For Drilling Jobs, Bit Selection and Mud Flow Can Head Off Balling
I don’t know why things come in cycles, but they sure seem to. This spring, I’ve had more than a couple calls and emails from drillers about bit balling problems and solutions. Bit balling is when the formation balls up around the cutters on a tri-cone bit until the wheels won’t turn and the bit quits drilling. Usually it is in a sticky clay formation, but not always. Bits can ball up in almost any formation due to a variety of reasons. Fixed cutter bits can also ball up.
The first step is prevention. Make sure you are running the right bit. On the last one I looked at, the driller had run a short, button bit in clay. The buttons were not long enough to remove the formation ahead of the bit, and it balled up. He changed to a tooth bit, and problem solved. Button bits are made for harder formations and remove material mostly by impact. A tooth bit drills by a combination of gouging and scraping, which is a different dynamic. So bit selection is critical. Very soft and plastic clays need pretty long teeth to do the job. As the formation gets harder, the teeth get shorter until it’s time to put on a button.
Some of the factors that affect bit performance are weight on bit, rotary speed, mud flow and mud rheology. Balling is characterized by decreased, or no, penetration, and usually lower torque.
Weight on bit is a common cause of bit balling. Too much weight, and the bit is forced ahead of where it can remove material. This will ball a bit quickly. In softer formations, decrease the weight and increase the rotary speed. This lets the bit make smaller cuttings and work in its optimum zone.
Closely related is mud flow. If the flow is too low, the bit will not be cleared of drilled formation as fast as it is drilled. This will ball a bit every time. In sticky clays, increase the mud flow as much as you can to keep the bit clear. This can be difficult with centrifugal pumps, as the pack off around the bit can effectively shut off circulation. With piston pumps, you will often see a pressure increase as the bit or stabilizers pack off, but this can be aided by increased mud flow to help clear the bit.
Fixed insert bits and wing bits can also ball up. This is usually because of too much weight, not enough rpms or not enough mud flow. Usually a combination of the three. A bit will not drill any faster than it can remove formation and send it up the hole.
If you do suspect that your bit is balling up there are several things that can be done before you come out of the hole to clean it. First, pick up until there is very little weight on bottom. Increase your pump rate as much as you can and spin the rotary as fast as you feel safe. Stroke the pipe up and down, bumping bottom each time. This will surge the mud around the bit and tend to free up the cones. If the formation is solid, don’t be afraid to drop the pipe pretty fast. This temporarily increases flow and pressure at the bit. This will tend to wash the ball off. Next, thin the mud. Since you are probably in a clay formation, you won’t need much wall cake. A clay hole will usually stand up pretty good.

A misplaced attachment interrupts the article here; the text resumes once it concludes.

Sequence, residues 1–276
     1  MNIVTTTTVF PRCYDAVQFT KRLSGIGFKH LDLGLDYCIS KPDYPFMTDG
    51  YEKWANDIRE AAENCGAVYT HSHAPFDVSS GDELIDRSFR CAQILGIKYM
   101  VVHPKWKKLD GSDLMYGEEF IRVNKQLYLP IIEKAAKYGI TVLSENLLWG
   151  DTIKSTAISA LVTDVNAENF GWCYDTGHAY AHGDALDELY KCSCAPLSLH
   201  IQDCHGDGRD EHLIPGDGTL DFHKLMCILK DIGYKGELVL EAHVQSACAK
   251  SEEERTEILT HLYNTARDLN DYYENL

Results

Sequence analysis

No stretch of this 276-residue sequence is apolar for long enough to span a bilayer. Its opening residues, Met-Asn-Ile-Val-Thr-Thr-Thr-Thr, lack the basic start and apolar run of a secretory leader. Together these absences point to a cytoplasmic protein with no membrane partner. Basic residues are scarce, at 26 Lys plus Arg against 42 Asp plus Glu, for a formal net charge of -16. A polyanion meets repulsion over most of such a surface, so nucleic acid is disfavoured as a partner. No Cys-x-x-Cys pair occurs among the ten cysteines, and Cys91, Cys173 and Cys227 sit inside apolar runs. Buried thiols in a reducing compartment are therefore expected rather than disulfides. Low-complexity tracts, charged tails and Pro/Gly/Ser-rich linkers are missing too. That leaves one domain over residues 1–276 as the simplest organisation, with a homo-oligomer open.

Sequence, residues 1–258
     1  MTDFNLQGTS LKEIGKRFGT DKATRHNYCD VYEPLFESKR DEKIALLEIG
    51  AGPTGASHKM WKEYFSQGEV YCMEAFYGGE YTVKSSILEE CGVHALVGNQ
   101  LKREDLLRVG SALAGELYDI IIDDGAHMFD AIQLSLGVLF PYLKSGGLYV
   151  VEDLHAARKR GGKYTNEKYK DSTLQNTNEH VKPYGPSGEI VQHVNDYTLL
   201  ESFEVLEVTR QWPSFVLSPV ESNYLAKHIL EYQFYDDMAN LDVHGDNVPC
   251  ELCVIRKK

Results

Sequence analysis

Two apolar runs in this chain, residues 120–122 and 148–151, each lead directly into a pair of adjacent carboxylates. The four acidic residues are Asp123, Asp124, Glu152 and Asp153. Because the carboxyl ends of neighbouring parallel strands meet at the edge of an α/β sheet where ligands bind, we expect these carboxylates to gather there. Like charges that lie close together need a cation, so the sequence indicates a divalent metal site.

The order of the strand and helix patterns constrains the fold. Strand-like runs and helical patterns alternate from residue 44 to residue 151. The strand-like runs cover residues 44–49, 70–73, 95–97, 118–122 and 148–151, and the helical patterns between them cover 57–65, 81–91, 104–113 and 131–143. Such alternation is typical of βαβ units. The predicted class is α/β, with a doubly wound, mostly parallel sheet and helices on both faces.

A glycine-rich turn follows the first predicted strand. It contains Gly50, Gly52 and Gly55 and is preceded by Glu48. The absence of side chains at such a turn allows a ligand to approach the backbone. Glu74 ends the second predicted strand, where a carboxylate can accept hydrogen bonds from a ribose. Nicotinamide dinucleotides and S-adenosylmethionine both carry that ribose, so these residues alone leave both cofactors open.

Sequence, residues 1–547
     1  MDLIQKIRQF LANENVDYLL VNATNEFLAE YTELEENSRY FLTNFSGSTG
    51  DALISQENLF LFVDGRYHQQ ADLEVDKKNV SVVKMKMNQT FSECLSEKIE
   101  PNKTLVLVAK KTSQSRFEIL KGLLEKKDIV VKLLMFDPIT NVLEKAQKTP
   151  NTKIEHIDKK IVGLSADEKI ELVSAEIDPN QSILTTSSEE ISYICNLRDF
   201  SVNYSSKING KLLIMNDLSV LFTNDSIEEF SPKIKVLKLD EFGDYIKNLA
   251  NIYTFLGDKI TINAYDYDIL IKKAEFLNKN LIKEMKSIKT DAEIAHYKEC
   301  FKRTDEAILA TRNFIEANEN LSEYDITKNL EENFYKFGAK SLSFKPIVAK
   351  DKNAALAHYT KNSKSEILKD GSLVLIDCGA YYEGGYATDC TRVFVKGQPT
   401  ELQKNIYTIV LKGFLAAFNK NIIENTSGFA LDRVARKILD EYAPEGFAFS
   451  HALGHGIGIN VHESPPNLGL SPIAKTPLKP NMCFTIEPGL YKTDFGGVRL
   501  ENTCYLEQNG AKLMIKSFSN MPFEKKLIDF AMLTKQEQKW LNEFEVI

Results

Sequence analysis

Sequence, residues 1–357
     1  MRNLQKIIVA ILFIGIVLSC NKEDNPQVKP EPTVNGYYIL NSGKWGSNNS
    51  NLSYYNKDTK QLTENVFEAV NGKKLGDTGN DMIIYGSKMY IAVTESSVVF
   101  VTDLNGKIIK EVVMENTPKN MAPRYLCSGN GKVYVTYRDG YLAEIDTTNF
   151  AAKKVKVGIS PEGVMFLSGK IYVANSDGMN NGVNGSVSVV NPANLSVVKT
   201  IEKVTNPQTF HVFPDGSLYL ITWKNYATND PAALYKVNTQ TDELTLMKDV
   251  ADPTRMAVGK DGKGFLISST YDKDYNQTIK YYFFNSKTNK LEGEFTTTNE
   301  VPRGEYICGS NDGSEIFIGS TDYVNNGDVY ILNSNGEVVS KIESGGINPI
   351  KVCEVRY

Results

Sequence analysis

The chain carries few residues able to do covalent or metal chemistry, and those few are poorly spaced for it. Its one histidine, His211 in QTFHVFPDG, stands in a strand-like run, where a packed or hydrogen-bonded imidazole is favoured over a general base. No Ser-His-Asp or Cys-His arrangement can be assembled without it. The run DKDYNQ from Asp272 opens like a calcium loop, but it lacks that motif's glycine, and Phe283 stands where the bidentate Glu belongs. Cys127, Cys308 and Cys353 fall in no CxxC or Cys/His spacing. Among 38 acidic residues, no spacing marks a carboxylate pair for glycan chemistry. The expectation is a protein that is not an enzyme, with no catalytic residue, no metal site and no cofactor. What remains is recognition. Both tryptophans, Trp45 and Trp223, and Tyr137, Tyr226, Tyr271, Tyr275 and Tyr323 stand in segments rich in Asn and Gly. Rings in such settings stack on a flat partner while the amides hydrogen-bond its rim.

One of the reasons clay balls up is due to its chemistry. Clay particles have an electrical charge, one end being positive and one end being negative. Since opposite charges attract, as soon as the clay particle is drilled up, it will try to reassemble itself. The cure for this is to strip the charge off the cuttings as soon as possible with the right mud properties. Commonly used and available is sodium tetraphosphate. Baroid sells it as Bara-Phos. Your mud dealer may have it. If not and you are in a bind, use Cascade dishwasher detergent. It contains sodium tetraphosphate and soda ash. Pour a half box in the drill pipe and watch your returns. They’ll thin right out. And it will help with the bit balling. Other cures include ground walnut shells. This is a common oilfield trick that helps prevent balls by cutting them up as they form. The oilfield has a lot of pretty good tricks, but they are a little beyond what we need for most water wells, and might not be legal. If nothing else works, you are probably going to have to pull out of the hole and clean the bit. Look closely at the cones; if they haven’t been turning for a while because of the ball, the bit may have flat-spotted and you may have to replace it. If you run it back, make sure all the wheels are free.
Hope this helps. If ya need some free advice, send me an email. Remember, free advice is usually worth what you pay for it.
For more Wayne Nash columns, visit www.nationaldriller.com/wayne.